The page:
Red tourism in Zunyi
An excerpt from Joey Dembs’ “Red City, Blue Roofs”
The city name of ‘Zunyi’ was first recorded in AD 642, and it officially became recognised as a prefecture-level city in 1997. After this long swath of history, Zunyi is most associated with one date. On January 15, 1935, members of the fledgling CPCC party came together in a two-storyhuizhuan-style house to discuss the future direction of the Communist party. Among them was 41-year-old Mao Zedong. The conference, later known as the Zunyi Meeting (Zunyi huiyi), propelled Mao and Zhou Enlai to the forefront of the party, both in terms ideological thinking and wartime strategy. The meeting at Zunyi and the following Long March led to a deepening of ‘Mao-ism’ amongst CPCC members and is seen as a turning point in the Communist revolution that still exists to this day.
Zunyi’s ‘red’ history dominates its local identity. All the cultural landmarks sprinkled around the city have ties to the rise of Chinese Communism. The city is recognised as one of the top five red-tourism destinations in China (along with Yan’an, Shaoshan, Jinggang Mountain, and Nanchang). Tourists line up to purchase tickets to enter into the great ‘meeting’ hall or travel in mass tour-groups through other hallowed halls of Communist history.
The ideological contradictions of ‘red’ tourism are on full display in Zunyi. Yu Luo Rioux notes in his thesis, Marketing the Revolution: Tourism, Landscape and Ideology in China that “On one level, Red Tourism is strengthening the ideological power of the state and the party by exploring significant revolutionary events; on the other hand Red Tourism is concerned with commercial development and generating revenue by marketing the significant historical sites of China’s communist revolution.
But in Zunyi, ‘red’ ideology is felt throughout the structure and fabric of the city, often extending beyond marketable tourist traits. Fenghuang Mountain acts as a mountain escape for urban residents to stroll through the hills, exercise and gain spiritual strength. Lining the paved paths are red Communist stars; women and men old enough to remember the Communist struggle happily practicing hongge or ‘red’ songs; even manhole covers feature ‘red’ symbols and dates.
The term ‘red’ tourism, as Rioux states, did not come into existence until 2002, however communist landmarks and other ‘destinations for patriotic and moral education’ have existed since 1949. Rioux goes on state that the catalyst for ‘red’ tourism is the “development of tourism necessitated by fiscal decentralisation along with the crisis of faith as a result of China’s political and economic reform over the last two decades. ‘Red’ tourism also resulted, in part, from a need to re-establish patriotism and nationalism in the wake of the ideological vacuum after 1989.”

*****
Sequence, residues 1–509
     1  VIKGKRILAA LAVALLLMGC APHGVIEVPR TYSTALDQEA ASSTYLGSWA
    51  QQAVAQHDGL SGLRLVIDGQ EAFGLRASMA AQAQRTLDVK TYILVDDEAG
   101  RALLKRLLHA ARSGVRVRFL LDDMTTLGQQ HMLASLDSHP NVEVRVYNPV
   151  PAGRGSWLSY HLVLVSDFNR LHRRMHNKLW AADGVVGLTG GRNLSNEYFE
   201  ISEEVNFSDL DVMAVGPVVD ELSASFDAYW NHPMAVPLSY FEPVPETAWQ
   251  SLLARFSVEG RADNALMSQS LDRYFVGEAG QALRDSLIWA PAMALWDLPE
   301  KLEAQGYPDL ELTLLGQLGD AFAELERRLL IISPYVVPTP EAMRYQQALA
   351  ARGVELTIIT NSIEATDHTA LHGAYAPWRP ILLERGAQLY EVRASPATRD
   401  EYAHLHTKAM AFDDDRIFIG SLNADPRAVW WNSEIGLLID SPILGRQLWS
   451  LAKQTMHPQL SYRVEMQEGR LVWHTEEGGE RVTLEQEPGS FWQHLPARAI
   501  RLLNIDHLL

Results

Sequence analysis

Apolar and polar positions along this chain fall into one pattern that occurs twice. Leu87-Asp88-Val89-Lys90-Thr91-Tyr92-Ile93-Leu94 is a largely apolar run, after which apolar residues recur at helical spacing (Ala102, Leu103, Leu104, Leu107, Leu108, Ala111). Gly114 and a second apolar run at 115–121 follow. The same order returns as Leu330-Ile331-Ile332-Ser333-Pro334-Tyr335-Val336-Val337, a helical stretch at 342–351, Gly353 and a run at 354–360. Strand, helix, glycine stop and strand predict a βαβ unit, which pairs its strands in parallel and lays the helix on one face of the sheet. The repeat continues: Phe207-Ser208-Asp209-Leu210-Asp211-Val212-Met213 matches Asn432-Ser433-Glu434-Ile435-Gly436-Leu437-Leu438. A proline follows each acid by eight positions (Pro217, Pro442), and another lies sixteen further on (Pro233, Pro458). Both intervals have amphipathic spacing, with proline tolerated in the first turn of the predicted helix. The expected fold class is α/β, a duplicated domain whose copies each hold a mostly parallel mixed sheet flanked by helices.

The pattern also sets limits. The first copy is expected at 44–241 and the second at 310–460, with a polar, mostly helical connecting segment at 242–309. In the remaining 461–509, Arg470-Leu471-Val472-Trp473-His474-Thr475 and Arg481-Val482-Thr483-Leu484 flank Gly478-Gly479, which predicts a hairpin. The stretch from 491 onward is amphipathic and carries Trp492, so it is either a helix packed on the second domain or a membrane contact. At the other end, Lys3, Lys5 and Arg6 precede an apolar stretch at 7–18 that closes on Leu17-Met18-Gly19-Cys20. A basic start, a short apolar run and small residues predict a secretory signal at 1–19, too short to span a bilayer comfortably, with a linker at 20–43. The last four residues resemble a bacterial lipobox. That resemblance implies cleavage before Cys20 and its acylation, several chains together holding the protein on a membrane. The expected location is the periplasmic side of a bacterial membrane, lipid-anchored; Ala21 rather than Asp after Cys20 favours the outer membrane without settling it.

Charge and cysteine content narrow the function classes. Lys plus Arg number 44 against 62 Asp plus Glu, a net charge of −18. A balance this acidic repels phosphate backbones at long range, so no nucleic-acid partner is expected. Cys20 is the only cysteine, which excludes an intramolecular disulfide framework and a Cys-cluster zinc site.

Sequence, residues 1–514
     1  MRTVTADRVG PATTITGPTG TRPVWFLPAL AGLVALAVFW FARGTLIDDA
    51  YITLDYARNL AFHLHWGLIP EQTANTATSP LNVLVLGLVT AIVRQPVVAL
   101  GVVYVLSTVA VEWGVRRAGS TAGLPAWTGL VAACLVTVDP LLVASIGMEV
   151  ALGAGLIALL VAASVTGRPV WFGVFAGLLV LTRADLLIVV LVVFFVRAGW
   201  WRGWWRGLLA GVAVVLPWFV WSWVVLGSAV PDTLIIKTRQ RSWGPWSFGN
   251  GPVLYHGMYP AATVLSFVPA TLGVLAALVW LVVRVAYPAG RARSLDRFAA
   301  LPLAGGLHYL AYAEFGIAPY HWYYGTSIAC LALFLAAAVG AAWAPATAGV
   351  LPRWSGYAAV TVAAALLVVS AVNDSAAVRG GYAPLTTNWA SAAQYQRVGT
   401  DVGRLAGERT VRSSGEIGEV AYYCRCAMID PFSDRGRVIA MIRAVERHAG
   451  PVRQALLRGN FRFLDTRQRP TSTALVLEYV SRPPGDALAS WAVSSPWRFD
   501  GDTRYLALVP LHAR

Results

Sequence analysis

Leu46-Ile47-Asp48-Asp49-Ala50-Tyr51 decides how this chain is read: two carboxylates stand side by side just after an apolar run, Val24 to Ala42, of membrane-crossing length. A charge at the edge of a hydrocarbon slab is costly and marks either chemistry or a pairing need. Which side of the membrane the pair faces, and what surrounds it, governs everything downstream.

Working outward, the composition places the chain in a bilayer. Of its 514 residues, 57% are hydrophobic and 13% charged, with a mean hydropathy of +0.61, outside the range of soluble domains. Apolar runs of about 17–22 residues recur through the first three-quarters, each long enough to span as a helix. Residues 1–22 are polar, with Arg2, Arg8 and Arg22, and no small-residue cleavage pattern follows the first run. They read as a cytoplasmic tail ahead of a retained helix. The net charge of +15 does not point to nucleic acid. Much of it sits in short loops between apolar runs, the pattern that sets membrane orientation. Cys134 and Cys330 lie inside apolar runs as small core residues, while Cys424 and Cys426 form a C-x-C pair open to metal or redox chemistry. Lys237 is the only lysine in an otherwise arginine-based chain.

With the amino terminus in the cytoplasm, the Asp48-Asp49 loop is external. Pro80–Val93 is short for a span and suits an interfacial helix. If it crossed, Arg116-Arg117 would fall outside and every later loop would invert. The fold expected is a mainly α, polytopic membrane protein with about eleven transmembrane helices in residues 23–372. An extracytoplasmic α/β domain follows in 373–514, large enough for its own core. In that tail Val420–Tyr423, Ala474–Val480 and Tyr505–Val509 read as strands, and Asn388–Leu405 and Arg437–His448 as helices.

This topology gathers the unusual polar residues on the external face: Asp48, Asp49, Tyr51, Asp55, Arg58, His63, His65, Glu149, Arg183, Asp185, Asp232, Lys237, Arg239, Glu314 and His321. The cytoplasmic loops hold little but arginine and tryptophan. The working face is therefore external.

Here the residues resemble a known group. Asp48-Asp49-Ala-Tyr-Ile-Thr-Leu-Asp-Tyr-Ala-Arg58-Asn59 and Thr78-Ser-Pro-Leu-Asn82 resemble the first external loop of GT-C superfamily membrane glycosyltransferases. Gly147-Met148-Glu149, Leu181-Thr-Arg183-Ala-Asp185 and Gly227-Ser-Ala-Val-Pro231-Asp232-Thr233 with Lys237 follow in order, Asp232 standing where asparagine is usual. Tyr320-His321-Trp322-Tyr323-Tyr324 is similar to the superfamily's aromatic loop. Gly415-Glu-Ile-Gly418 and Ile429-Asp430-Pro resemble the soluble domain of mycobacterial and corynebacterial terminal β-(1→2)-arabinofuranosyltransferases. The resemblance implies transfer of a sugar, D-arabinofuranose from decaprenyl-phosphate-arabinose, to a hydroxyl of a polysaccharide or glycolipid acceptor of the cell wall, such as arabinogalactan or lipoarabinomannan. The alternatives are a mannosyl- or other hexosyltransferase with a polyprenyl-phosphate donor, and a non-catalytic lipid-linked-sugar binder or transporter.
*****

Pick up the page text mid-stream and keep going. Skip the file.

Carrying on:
Zunyi is lucky in the sense that it has a tangible identity to market to outsiders. The influence of tourism is felt all over the city. New five-star hotels are being built to accommodate an influx of high-end tourists. Zunyi has three key developmental zones – the aforementioned airport district, a CBD district and a high-speed railway hub set to open sometime in the next five to ten years. These significant urban developments are set to have an impact on access to Zunyi. Situated 239km south of Chongqing and 143km north of Guiyang, amidst heavy, mountainous terrain, Zunyi is known by historical context but not seen as an accessible tourist destination. Zunyi’s rate of urbanization is tied directly to two areas: infrastructural development and cultivating a local identity that is unique and differentiated from other nearby cities.
There’s precedence for ‘red’ tourism to play a role in economic growth, particularly in smaller cities such as Zunyi. One case study in a graduate thesis by Zhiyi Hu, titled “A Study of Red Tourism in China: Exploring the Interface Between National Identity Construction and Tourist Experience”, highlights the success of Guang’an, Deng Xiaoping’s hometown, in using ‘red’ tourism as a way to leverage economic growth. As more and more ‘red’ tourists came to see the great Communist leader, local residents began emphasizing nature-oriented sightseeing. An increase of domestic tourism also brought “new opportunities for local service sectors in catering, accommodation, transportation and shopping.”